scientific theory


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Related to scientific theory: scientific method

scientific theory

a theory that can be tested and potentially disproved; failure to disprove or refute it increases confidence in it, but it cannot be considered as proven.

sci·en·tif·ic the·o·ry

(sī'ĕn-tif'ik thē'ŏr-ē)
A proposition that can be tested and potentially disproved; failure to disprove or refute it increases confidence in it, but it cannot be considered as proven.
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References in periodicals archive ?
Novel scientific theory is theory that has not been examined or pronounced on by any court, said the Court of Appeals.
The historical and anecdotal overview of how the structure of DNA was deciphered contains in itself the entire gamut of events in the evolution of a scientific theory and model through competitive scientific endeavor--or, to put it in nonscientific language, a race between scientists across continents.
It did not contain diagrams or specific methods and it did not refer to or incorporate any known scientific theory.
These computer models not only lead to prima facie absurd conclusions, they have not successfully predicted any climatic phenomena, thereby failing the most basic test of a scientific theory.
A scientific theory is merely a way of organizing tested and retested ideas to describe the behavior or natural phenomena.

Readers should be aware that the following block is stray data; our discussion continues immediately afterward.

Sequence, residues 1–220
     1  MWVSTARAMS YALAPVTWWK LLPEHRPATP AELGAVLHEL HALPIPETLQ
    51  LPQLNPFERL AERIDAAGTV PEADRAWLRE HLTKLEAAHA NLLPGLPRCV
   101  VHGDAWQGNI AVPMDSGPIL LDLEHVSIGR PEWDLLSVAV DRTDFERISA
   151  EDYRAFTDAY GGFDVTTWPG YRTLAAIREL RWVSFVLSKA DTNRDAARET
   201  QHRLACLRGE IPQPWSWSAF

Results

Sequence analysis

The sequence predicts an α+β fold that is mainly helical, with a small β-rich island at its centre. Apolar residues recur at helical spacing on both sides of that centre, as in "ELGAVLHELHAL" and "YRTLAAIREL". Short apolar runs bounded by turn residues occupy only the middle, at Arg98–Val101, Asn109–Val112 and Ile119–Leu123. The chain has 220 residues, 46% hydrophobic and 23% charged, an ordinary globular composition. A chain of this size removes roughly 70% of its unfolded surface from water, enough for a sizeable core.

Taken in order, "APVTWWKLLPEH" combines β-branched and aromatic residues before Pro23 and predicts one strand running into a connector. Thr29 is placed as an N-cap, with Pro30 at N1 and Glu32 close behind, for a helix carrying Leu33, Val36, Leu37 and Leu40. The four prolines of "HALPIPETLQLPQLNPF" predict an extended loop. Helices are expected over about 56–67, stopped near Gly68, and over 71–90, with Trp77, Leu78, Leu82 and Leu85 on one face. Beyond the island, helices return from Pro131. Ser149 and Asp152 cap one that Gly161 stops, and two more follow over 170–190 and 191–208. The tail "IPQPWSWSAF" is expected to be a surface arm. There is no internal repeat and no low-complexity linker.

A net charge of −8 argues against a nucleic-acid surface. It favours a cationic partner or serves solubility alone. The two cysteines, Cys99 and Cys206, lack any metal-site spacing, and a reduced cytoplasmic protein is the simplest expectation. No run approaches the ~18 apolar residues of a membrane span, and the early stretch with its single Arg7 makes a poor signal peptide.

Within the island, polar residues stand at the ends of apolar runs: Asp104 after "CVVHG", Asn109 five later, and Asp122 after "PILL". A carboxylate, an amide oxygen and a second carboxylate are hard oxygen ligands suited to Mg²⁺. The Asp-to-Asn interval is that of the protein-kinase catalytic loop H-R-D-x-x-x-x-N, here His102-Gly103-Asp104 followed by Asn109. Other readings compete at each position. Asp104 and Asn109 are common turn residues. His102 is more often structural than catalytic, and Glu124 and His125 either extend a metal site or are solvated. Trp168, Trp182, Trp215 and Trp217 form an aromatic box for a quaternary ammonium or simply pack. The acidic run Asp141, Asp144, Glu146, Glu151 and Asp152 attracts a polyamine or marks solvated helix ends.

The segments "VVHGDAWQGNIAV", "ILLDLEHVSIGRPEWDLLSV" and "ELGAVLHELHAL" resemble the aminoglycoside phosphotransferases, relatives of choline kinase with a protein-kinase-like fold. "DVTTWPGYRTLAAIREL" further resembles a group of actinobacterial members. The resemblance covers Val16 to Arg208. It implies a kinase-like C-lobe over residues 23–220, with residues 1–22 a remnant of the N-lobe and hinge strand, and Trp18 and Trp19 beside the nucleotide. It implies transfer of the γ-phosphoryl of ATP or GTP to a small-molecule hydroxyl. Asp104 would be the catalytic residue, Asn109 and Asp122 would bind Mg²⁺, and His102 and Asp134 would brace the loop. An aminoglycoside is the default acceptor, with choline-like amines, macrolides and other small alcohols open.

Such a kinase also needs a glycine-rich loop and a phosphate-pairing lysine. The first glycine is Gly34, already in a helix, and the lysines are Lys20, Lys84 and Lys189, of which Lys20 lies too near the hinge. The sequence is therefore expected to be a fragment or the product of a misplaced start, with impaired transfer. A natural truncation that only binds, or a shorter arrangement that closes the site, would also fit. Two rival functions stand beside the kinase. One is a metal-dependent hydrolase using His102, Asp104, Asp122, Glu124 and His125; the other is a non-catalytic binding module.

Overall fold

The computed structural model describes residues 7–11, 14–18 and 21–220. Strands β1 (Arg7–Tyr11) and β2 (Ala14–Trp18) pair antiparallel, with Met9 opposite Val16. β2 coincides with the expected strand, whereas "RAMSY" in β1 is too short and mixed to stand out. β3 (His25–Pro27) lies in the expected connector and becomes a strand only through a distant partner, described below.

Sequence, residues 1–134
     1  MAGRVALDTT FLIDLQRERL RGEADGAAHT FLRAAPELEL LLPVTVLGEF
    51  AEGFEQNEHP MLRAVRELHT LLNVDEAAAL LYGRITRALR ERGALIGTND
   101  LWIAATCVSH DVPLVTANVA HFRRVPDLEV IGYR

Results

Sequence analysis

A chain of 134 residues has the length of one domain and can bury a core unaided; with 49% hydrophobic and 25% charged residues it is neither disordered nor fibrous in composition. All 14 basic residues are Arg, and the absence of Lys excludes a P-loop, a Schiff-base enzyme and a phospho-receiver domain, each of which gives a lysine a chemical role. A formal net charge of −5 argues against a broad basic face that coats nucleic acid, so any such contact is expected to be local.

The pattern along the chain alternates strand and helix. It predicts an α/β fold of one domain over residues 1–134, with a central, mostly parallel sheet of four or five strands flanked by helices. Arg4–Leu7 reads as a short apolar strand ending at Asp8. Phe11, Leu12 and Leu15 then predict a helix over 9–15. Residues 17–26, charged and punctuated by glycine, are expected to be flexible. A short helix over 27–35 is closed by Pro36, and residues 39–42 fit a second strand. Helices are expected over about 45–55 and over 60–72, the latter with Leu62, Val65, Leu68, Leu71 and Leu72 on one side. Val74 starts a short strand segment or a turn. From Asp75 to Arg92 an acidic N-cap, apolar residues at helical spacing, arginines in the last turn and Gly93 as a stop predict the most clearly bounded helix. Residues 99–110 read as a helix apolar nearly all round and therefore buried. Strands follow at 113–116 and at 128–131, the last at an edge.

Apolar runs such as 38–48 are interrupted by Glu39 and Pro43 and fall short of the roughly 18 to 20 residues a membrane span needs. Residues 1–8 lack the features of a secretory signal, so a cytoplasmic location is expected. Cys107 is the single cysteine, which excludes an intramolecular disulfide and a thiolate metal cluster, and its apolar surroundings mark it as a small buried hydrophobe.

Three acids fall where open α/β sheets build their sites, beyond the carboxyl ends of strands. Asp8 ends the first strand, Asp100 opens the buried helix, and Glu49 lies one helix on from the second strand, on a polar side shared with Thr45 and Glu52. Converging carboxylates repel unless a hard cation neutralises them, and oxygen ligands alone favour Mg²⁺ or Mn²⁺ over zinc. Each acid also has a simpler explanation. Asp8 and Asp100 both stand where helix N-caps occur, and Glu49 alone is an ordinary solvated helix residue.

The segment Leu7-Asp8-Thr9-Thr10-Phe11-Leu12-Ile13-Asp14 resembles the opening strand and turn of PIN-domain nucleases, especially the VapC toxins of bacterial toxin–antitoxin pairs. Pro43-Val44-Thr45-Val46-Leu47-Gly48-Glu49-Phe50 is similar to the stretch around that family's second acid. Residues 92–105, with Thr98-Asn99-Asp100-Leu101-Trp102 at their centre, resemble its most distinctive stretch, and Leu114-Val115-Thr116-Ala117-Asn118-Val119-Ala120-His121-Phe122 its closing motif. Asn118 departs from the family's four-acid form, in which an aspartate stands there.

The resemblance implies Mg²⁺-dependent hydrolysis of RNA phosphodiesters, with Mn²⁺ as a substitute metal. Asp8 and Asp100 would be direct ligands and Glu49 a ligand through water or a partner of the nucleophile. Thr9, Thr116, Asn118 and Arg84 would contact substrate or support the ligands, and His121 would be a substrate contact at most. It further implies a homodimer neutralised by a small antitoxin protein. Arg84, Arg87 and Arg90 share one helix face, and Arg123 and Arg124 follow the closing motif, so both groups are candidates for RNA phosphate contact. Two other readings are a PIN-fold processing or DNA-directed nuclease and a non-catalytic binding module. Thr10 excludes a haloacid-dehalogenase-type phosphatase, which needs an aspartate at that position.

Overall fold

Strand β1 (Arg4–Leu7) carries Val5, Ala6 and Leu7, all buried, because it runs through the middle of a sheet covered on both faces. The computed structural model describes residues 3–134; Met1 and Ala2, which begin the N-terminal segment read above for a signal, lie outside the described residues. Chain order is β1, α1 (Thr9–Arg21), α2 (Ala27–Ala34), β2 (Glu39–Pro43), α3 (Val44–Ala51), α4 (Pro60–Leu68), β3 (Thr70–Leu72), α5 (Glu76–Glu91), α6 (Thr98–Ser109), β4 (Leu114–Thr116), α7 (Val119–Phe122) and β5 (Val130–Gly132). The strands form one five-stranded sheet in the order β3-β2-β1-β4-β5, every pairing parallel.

Will we ever discover a single scientific theory that tells us everything that has happened, and everything that will happen, on every level in the universe?
The theory of evolution incorporates the patterns and processes identified by observation and experimentation into a single scientific theory.
He makes the case that a science of intelligent design can incorporate Darwinian mechanisms of natural selection and random variation and thus result in a conceptually more powerful scientific theory. The question of who the designer might be is left to the reader, or perhaps the priests.
Learn about true crimes, forensic techniques based on scientific research, and do an experiment which helps to understand how scientists solve crimes in a title advanced elementary to middle school grades will find key to not just understanding applications of scientific theory, but to appreciating its role in crime-solving.
And therefore it is kept as an ideology and not as a scientific theory which has been proven.
Despite this, string theory lacks the most fundamental aspects of a scientific theory: It cannot be tested, and there is as of yet no experimental evidence of the existence of its superstrings.
The reader is then brought up short when Kern shifts, in his conclusion, to the assertion that, in fact, "science and literature make for an uneasy fit," and that literature seldom uses scientific theory to explain behavior.

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